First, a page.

Nominations. After a report from Paul Brewster, Chair of the Nominations Committee, the Vestry appointed Candice Brown to a three-year term as a Diocesan Delegate, and Amanda Gilman, Asha Matthei and Anton Vanterpool to one-year terms as Alternate Diocesan Delegates. The Nominations Committee was benefitted in their process by nominations received from the Parish in response to a solicitation for candidates distributed parish-wide by Paul in keeping with the Bylaws. Paul and the Governance Committee are reviewing minor changes to the Bylaws regarding the election of Delegates. The Vestry thanks Heather Sondel, whose term just expired, for her service.
Facilities/Regathering. The Junior Warden’s Report focused on the latest in our efforts to upgrade our facilities to make them safer for regathering. The next major step in the most extensive part of that work -- updates to our HVAC system -- was to appoint a Project Manager to help develop and oversee an engineering plan and schedule that will minimize disruption in the use of our buildings once COVID restrictions are relaxed. Four candidates were interviewed, and on motion out of the Executive Committee, the Vestry approved the following:
Resolved, that St. Alban’s hire Mr. Gary Baker, through his firm, Realco Project Management Services, as Project Manager for the job of upgrading and retrofitting the heating, ventilation, and air conditioning systems in church, Nourse Hall, and Satterlee Hall, for a fee of up to $20,000, subject to such further inquiries as the Executive Committee may deem advisable and to the concluding of a written agreement with the firm.
Ted expects we will be licensed to begin work on the exhaust system in the kitchen imminently, but this work may be somewhat delayed by the need for an environmental assessment to determine whether the kitchen ceiling-tile glue contains asbestos. In addition, the new stove for the kitchen, funded by a donation from Linda Lear and John Nickum, has been ordered. The Vestry also expressed gratitude to the Strimple family for their generous donation in memory of daughter Karen that will be used for upgrading the plantings around the church and in particular around the Columbarium.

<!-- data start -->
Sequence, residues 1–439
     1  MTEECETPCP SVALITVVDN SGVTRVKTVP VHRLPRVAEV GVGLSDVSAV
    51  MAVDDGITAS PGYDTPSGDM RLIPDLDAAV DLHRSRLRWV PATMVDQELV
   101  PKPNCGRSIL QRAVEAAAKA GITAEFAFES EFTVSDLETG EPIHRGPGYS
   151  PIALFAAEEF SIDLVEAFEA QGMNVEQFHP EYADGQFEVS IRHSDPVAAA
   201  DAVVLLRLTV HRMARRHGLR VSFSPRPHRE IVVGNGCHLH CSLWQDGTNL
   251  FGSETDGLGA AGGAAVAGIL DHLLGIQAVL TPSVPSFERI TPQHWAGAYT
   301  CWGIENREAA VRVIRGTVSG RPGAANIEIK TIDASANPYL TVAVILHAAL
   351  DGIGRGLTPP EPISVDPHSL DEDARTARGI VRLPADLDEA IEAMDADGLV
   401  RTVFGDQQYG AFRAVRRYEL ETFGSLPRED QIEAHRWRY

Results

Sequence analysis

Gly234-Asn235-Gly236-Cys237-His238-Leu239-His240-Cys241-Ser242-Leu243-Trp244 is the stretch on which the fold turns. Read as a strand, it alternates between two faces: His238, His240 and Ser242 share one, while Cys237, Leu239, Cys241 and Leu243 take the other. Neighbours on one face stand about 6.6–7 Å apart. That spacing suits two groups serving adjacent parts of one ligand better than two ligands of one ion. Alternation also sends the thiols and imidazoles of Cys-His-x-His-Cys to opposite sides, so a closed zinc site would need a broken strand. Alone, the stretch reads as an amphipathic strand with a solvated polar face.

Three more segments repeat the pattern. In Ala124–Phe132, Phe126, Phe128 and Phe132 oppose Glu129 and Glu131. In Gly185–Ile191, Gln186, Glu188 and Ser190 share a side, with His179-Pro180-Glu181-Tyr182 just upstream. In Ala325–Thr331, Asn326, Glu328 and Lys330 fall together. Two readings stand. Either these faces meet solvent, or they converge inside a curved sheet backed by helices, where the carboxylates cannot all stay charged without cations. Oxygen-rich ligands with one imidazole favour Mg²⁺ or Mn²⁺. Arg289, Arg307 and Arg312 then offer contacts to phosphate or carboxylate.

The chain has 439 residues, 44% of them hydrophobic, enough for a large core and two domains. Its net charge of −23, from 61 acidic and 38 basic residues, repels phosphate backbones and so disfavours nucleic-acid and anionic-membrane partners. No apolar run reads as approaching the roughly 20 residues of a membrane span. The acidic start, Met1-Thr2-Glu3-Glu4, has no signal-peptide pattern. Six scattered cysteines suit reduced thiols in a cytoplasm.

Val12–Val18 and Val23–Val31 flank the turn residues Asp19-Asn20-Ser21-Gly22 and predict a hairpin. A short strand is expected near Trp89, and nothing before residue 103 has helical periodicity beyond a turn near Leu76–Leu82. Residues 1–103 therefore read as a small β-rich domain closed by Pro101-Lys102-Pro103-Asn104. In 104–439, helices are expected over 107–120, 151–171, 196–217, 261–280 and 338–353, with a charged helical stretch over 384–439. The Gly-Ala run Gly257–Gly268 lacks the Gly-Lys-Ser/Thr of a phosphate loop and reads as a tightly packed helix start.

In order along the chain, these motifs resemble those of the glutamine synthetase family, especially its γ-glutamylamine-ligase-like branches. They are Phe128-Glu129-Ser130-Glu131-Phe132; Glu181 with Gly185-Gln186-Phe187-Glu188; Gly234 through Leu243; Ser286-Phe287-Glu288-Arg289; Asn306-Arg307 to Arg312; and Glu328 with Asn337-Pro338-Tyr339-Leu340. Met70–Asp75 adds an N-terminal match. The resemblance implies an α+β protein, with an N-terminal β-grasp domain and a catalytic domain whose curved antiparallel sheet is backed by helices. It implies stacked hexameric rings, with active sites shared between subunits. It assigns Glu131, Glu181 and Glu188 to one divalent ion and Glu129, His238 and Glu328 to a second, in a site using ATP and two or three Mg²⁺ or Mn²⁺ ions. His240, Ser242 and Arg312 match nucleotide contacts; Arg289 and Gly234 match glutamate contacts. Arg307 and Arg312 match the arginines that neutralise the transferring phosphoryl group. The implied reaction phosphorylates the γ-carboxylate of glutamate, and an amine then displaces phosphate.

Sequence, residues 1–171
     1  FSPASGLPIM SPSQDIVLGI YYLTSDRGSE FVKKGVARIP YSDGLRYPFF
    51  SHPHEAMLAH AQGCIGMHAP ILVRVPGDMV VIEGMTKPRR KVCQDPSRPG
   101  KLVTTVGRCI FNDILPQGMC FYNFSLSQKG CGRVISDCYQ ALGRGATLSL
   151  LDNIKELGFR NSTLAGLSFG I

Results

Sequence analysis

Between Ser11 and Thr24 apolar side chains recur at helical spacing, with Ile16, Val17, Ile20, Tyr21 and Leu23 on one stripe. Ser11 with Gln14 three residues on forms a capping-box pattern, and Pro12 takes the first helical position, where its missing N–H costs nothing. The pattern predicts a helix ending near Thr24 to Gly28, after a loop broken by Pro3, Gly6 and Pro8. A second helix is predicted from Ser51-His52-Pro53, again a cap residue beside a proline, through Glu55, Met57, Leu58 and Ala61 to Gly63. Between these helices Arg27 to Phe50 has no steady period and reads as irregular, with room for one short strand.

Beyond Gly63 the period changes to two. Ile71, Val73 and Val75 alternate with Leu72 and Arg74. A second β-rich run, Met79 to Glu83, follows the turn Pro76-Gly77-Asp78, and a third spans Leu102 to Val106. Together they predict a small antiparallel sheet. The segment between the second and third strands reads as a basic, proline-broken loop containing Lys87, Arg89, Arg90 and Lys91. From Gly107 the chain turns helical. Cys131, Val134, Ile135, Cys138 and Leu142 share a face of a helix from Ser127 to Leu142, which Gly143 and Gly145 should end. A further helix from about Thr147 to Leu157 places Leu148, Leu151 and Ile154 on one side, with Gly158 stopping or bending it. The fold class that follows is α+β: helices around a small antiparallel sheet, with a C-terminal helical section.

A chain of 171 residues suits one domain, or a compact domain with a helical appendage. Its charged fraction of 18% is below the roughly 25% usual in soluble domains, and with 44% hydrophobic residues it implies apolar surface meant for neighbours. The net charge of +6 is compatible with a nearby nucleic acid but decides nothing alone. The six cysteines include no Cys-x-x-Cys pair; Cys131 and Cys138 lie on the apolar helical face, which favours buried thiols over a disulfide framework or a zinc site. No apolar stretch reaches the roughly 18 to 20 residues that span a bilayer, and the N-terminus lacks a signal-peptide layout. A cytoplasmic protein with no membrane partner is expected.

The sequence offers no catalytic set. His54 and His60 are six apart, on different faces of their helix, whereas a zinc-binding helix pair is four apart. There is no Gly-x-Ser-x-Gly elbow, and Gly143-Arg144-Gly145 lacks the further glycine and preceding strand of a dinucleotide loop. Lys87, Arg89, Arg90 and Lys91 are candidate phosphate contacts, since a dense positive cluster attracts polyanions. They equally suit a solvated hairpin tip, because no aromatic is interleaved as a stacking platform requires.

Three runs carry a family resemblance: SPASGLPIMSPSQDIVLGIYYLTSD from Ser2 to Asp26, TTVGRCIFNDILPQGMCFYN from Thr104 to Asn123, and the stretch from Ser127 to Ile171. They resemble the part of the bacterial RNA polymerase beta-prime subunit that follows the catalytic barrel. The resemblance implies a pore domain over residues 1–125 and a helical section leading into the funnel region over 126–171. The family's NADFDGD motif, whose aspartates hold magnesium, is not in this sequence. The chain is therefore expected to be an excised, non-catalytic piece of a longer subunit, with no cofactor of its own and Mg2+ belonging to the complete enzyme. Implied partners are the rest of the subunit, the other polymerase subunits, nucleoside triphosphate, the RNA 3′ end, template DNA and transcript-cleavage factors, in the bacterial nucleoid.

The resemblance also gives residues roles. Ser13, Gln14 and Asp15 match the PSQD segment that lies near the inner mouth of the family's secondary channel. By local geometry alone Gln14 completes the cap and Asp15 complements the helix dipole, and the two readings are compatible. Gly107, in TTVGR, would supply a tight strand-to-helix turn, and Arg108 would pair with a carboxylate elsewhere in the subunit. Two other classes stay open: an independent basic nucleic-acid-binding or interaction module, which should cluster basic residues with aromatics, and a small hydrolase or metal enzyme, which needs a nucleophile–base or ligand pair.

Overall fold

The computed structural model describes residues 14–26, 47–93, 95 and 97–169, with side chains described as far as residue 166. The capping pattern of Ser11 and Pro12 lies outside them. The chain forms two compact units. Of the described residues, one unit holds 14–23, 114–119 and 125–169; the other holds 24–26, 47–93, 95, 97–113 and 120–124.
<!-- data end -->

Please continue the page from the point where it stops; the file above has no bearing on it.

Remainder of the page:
Global Missions. In her report, Josepha Musabyemariya highlighted how St. Alban’s yearly contributions, and this year’s Mustard Seed donation directed at humanitarian relief, continue to change the lives of the students at Hope and Resurrection School in the South Sudan and St. Saviour’s School in Jordan.
In other business, Lisa Garnett, chair of the 2021-2022 stewardship campaign, has begun early planning for the campaign. Matt Cunningham will be joining her as co-chair, and will lead the campaign in 2022-2023. I reported out that Suzy Mink and I are finalizing plans for the official rollout of the Regathering Capital Campaign to the whole parish, and forming the Campaign Leadership Team; the campaign has already raised almost $860,000 in pre-kickoff contributions and pledges. Please contact Suzy and me if you already prepared to make a pledge. Finally, Paul Brewster briefed the Vestry on the April 17, 2021 Special Convention of the Diocese at which the business will be consideration of a proposed canon that allows the Diocesan Council, at the request of the Bishop, to conduct a health and vitality assessment of a parish that is struggling. The draft canon provides that, where appropriate, the Bishop may intervene in parish activities in a range of ways that range from providing counseling to a parish and its leadership, to closing the parish or merging it with another.
Respectfully submitted, and in hopes you all remain safe and well,